Comparing Robert Byrd’s famous use of the “N” word on CNN with Trent Lott’s praise of Strom Thurmond, Joe Lieberman, brow no doubt furrowed, announced on ABC’s This Week that “there’s a difference between a racially insensitive comment and a morally reprehensible statement.” (Quoted here in The New Republic; I couldn’t find the transcript online.)
Yes, but which was which?
With Lieberman about to become a candidate for the Democratic presidential nomination, we will no doubt have to endure a stream of these delphic Talmudic pronouncements from Joe the Just in the future since he probably has the most sensitive reprehensibility detector in the Senate. For example, he is on record calling some video games “morally reprehensible,” and he wrote a letter to TV bigwigs complaining that a Jerry Springer segment was “reprehensible.”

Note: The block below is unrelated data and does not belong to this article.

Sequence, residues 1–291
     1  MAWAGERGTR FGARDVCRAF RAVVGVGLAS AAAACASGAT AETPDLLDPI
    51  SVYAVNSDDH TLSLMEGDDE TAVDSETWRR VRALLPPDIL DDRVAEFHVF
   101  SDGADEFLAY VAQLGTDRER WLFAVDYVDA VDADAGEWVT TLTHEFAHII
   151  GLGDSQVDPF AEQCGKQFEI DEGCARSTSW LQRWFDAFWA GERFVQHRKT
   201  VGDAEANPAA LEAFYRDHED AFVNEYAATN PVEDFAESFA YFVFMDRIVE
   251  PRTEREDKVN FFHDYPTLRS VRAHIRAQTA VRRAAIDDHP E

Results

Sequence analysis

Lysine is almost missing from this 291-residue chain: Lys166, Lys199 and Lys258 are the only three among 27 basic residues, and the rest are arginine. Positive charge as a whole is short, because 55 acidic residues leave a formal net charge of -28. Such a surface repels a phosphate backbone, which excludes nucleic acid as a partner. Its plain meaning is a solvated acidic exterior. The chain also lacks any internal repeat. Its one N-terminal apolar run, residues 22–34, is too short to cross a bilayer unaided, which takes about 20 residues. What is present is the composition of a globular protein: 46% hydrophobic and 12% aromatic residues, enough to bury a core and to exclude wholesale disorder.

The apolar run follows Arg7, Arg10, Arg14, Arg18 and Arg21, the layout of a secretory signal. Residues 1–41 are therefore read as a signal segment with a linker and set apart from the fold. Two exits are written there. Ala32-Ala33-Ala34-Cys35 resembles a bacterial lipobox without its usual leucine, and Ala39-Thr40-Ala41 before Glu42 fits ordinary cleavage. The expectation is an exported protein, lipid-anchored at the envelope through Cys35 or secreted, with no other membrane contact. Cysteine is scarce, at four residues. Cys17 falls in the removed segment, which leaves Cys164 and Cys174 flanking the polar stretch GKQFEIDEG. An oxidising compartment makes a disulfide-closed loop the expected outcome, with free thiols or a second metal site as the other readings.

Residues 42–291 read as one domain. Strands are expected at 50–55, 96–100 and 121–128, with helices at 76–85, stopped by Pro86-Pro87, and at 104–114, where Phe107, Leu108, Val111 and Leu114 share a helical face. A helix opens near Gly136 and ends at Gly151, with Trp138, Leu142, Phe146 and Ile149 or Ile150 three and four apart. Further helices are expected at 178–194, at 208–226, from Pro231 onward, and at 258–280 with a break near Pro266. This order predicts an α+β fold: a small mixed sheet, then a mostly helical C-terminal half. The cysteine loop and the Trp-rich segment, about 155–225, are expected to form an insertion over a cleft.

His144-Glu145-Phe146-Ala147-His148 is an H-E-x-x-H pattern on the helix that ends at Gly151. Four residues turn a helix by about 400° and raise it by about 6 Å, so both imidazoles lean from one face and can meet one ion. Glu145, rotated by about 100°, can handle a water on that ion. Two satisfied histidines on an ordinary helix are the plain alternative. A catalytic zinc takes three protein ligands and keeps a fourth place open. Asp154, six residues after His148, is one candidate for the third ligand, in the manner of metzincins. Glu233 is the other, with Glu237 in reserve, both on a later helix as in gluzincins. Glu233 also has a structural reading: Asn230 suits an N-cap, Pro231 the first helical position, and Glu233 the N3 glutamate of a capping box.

Once he has detected reprehensible behavior, however, Lieberman has not seemed unduly uncomfortable associating with it. He and Al Gore had no trouble continuing to accept contributions from the entertainment industry after the above episodes and after he famously scolded it in a Hollywood speech. And then there is the most famous occasion of Joe the Just denouncing “morally reprehensible” behavior: his speech on the Senate floor criticizing Bill Clinton’s internal affair with Monica Lewinsky. Clinton’s behavior may have been “morally reprehensible,” but that did not lead Lieberman to conclude that he was unfit to remain president.